Brooklyn, by Colm Toibin
In almost every review I've read of Brooklyn, the same adjectives seem to surface:
Quiet. Gentle. Simple.
Indeed, Brooklyn is all of these, and it is these qualities that make people either love this novel or feel lukewarm towards it.
I'm in the latter camp.
I really wanted to like this book more than I did. Set in the 1950s, it's the story of Eilis Lacey, a young woman (probably around 18 or 19) living in Enniscorthy, Ireland with her widowed mother and older sister. Her life is a simple one - until a priest from America visits and encourages Eilis to come to America for work, a prospect that Eilis realizes has been pre-arranged by her sister and mother. Father Flood's parish is one that is home to Irish immigrants and he offers his support to Eilis as she begins to get settled into her new life in Brooklyn.
Which she does - by renting a room in a boardinghouse, working in a department store by day and taking college classes at night, and dating a young man named Tony who falls in love with her (not quite sure if the same is entirely true on Eilis' part). It's all very simple, told in a very straightforward, matter-of-fact way.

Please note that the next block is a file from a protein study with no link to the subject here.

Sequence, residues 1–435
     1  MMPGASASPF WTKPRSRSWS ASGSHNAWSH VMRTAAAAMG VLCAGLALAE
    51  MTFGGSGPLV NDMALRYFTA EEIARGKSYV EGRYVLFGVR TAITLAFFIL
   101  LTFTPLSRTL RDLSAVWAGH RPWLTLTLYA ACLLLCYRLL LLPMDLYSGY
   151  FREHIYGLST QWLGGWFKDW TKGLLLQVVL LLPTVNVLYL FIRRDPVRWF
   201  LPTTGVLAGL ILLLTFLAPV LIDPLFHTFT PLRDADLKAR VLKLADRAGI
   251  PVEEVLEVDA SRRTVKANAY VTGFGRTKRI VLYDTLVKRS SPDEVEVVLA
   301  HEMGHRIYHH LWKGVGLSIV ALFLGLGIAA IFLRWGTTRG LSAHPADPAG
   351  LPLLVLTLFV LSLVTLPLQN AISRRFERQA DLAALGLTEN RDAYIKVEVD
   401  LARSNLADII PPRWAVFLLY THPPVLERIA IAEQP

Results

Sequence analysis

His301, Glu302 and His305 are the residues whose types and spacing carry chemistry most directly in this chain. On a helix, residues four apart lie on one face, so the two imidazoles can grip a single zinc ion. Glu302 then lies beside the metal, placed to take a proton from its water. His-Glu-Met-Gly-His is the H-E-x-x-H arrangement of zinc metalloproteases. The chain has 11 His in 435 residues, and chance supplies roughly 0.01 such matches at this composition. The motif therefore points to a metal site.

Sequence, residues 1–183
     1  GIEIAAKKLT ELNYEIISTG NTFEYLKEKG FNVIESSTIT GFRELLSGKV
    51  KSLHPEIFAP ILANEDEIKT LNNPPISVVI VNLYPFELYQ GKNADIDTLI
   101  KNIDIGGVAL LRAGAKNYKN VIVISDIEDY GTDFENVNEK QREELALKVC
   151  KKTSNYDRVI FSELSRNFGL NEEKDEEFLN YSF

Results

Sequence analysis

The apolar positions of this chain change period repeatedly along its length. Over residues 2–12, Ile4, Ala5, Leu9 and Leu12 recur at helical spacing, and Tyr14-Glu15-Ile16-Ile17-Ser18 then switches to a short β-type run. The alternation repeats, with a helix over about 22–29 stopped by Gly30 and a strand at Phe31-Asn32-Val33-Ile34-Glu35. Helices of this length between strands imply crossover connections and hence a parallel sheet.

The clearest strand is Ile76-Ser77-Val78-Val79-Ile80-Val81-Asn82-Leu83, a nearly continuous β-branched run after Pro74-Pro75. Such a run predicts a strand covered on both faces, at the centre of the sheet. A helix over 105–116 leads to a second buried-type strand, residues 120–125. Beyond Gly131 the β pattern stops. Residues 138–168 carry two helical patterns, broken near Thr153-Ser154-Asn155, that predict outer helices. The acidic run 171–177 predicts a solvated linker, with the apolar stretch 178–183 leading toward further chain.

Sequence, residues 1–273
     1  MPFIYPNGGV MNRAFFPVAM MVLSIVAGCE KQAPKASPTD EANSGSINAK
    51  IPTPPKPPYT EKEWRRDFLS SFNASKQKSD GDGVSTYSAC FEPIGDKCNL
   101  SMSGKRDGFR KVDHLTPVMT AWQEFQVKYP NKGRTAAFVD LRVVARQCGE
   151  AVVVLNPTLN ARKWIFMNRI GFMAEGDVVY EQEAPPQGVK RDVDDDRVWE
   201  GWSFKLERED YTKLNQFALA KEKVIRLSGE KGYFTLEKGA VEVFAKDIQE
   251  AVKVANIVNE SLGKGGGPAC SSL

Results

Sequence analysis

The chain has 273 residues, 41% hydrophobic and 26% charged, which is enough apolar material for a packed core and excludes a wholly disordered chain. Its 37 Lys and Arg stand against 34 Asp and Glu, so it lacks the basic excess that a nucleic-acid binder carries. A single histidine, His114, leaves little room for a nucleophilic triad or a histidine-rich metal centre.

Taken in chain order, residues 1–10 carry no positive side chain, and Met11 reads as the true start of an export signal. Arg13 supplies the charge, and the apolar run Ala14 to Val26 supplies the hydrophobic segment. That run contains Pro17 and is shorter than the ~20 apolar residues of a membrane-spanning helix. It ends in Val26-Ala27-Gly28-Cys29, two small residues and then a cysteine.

I found this to be a little slow going until the second half of the novel. I found myself wanting to read more about the Brooklyn of that time and admiring Eilis' ambition in continuing her college classes. I liked the social issues that Toibin includes in the story - a too friendly coworker, the interactions between Italian and Irish immigrants in the city, the progressive stance of the department store's management as they welcome "coloreds" as customers. But there were unanswered questions that I had - particularly in regards to the character of Tony and some of his behaviors - and there was a plot twist near the end that I didn't see coming and thought could have been interesting if explored in more depth (but maybe that would have meant a whole different story).
The novel picked up its pace at the midpoint, and although I remained interested in the story, I was left feeling distant in regards to Eilis and the conflict that she was presented with didn't make me connect with her any more than I had on page 1. After 260 pages, I felt like I hardly got to know her, that she remained reserved and on guard.
Others have praised Brooklyn for exactly the reasons why it didn't quite work for me. Just like every immigrant's story is a different one, so seems is every reader's perception of Brooklyn.
A Guy’s Moleskine Notebook,
Farm Lane Books
Bibliophile by the Sea